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Thursday, March 28, 2013

Close Combat-3 | Jungle Camp: 12 minutes, 22 obstacles & a trigger-happy climax

 Photos: Altaf Hussain in special
arrangement with MLIRC
By Anantha Krishnan M
Express News Service
Belgaum: For the recruits of Maratha Light Infantry Regimental Centre (MLIRC), the training at the Jungle Camp is one experience they will carry all through their lives. Situated 25 km from heart of the city, Rohideshwar Camp (Jungle Camp) is one of the premier training facilities for the recruits with the settings similar to that of a jungle. The camp acts as a perfect platform for the recruits to fine-tune their jungle craft.
There are 22 obstacles laid out in a span of 1.2 km and each recruit will have to clear them under a simulated condition, in the minimum possible time. Some of the obstacles are: Burma bridge, Spider web, Tarzan swing, Hand and Foot bridge, 10-feet wall, Tiger jump and a nine-feet ditch with fire. The bonding among the group was visible, when Express was taken through a demonstration by 15 recruits. Some were seen using their rifles to pull out their buddies, while doing the Barrel Crawl and the wire obstacle.
“Every recruit has to clear these obstacles within 12 minutes, without missing any single point. During their 34-week training, the recruits have to undergo a 15-day capsule at the Jungle Camp, which culminates with a 22 km speed march. Here the recruits are tested for their endurance and team spirit. During the speed march, a recruit will have to may have to bear the load of others, or even carry a buddy who might have got injured,” says Col Tushar S Bhakay, Deputy Commandant, MLIRC.
The Army officials at MLIRC say that the Jungle Camp is the grand finale of the rigours 34-week training. “It is here that a recruit is taught the basic concepts of ambush, patrolling, night navigation and two-sided defence exercises. He gets to learn these basics by actually performing them on ground. We also ensure that, at the end of the day, he draws certain important lessons and also the mistakes that he made, which are made known to him so that they are not repeated, “ says Maj Yogesh Dhumal, Training Company Commander, MLIRC.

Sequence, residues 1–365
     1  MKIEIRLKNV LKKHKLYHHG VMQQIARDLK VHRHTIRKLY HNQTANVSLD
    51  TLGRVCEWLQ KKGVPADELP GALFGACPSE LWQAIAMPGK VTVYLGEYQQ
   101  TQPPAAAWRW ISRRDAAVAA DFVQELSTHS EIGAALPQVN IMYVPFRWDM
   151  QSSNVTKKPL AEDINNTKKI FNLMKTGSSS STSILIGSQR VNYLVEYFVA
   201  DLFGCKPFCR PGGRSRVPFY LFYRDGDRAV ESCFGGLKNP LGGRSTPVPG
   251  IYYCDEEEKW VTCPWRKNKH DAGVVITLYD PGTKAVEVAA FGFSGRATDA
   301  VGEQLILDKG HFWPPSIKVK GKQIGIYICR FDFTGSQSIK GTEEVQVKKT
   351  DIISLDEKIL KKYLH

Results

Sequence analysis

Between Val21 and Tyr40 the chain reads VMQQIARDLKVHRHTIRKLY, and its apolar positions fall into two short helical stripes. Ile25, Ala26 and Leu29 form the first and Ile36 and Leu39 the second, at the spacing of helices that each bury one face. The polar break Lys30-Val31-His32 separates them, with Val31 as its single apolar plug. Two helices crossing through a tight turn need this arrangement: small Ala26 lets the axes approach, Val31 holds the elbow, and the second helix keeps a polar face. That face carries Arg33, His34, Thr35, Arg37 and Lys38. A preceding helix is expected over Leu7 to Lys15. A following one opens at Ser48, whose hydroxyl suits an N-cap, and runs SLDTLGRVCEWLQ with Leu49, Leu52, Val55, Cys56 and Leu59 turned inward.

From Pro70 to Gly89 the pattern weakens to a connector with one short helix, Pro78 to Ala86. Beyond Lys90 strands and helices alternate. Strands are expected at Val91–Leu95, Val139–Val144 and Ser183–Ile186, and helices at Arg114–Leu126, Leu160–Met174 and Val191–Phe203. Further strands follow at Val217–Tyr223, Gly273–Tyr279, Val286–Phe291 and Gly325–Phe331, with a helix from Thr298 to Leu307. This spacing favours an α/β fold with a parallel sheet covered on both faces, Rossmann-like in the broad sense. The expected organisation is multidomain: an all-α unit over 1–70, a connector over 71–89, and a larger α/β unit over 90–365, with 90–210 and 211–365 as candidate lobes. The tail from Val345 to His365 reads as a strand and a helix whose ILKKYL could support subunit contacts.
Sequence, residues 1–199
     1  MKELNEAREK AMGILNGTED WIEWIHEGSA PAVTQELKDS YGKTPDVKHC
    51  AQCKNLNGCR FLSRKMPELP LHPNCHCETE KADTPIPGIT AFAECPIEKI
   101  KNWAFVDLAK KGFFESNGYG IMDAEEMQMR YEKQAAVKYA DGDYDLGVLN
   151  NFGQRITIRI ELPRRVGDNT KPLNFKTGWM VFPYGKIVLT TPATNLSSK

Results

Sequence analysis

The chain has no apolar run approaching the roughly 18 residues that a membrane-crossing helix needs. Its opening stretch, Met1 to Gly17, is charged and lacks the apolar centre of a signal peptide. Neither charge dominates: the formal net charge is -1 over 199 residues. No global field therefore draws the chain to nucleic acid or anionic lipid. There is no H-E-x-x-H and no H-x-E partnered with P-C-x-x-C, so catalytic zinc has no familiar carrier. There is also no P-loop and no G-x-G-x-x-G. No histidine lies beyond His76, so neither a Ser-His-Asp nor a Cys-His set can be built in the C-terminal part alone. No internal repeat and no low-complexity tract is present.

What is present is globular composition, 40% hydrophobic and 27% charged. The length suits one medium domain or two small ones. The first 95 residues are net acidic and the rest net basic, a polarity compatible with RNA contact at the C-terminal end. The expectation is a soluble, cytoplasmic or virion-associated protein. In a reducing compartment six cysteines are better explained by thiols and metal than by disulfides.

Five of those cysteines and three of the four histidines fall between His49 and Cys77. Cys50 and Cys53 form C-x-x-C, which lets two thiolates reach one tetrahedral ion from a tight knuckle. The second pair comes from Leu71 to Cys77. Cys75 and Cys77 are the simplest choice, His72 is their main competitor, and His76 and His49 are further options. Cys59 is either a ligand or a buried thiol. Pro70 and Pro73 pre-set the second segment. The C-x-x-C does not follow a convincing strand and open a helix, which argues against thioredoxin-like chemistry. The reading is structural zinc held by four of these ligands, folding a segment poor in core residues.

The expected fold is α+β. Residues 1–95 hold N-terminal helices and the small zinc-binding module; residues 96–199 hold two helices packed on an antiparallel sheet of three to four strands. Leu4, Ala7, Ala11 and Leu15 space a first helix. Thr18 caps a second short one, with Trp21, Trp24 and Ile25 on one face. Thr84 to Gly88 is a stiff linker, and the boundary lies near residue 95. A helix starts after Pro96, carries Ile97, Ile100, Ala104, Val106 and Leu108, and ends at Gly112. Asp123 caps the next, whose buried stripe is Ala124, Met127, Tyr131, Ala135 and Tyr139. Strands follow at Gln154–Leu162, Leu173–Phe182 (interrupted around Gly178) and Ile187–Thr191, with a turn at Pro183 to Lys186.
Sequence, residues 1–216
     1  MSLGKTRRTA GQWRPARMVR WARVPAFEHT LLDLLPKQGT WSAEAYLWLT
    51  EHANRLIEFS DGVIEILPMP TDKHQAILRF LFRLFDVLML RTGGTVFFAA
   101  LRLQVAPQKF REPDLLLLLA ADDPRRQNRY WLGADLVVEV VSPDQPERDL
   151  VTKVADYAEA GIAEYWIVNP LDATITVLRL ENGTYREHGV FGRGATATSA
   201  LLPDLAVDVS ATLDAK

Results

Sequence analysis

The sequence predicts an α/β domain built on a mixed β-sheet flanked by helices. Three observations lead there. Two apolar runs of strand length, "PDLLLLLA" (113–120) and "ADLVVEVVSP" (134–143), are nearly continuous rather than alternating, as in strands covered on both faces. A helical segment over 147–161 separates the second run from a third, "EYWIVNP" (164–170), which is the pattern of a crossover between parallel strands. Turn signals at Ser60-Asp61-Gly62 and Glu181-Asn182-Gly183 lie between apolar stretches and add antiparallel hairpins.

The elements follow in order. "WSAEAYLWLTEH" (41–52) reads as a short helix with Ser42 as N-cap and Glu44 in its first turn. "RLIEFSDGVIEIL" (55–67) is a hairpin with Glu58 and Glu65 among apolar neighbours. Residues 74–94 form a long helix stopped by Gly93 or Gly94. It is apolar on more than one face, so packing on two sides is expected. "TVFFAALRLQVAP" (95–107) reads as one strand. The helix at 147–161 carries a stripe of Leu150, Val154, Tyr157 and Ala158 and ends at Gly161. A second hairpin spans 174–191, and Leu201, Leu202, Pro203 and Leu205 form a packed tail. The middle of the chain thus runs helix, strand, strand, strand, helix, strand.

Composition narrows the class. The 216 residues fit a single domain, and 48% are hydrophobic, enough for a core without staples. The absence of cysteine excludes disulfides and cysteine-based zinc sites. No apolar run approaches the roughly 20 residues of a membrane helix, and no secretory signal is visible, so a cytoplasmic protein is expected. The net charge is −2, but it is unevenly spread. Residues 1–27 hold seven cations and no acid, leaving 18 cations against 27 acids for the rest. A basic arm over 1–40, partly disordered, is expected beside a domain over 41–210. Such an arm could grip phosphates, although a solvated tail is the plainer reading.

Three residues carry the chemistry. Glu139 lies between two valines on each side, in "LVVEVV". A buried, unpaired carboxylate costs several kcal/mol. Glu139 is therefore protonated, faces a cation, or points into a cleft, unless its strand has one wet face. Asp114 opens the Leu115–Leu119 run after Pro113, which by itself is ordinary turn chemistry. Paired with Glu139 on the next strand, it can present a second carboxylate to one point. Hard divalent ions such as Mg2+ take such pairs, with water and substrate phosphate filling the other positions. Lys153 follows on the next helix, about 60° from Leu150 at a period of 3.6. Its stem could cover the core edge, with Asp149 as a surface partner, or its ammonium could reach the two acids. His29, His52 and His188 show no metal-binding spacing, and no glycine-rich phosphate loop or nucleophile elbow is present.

After negotiating the obstacles and when the heartbeat is running high, the recruits are to immediately engage the different types of targets at the firing range, located at 200-meter distance. The targets are moving, static and rotating, again testing the concentration and skills needed to take on them. Each platoon is given adequate number of ammunition to engage the targets within a stimulated time.
This correspondent was also given a chance to fire at square plates with 10 rounds with the instruction to clear each target with one bullet. “During this firing practice, given the limited time, one has to carefully choose his target and not waste his ammunition,” says Maj Yogesh, who was seen hitting the target with every shot.
To be continued 
(Copyright@The New Indian Express)

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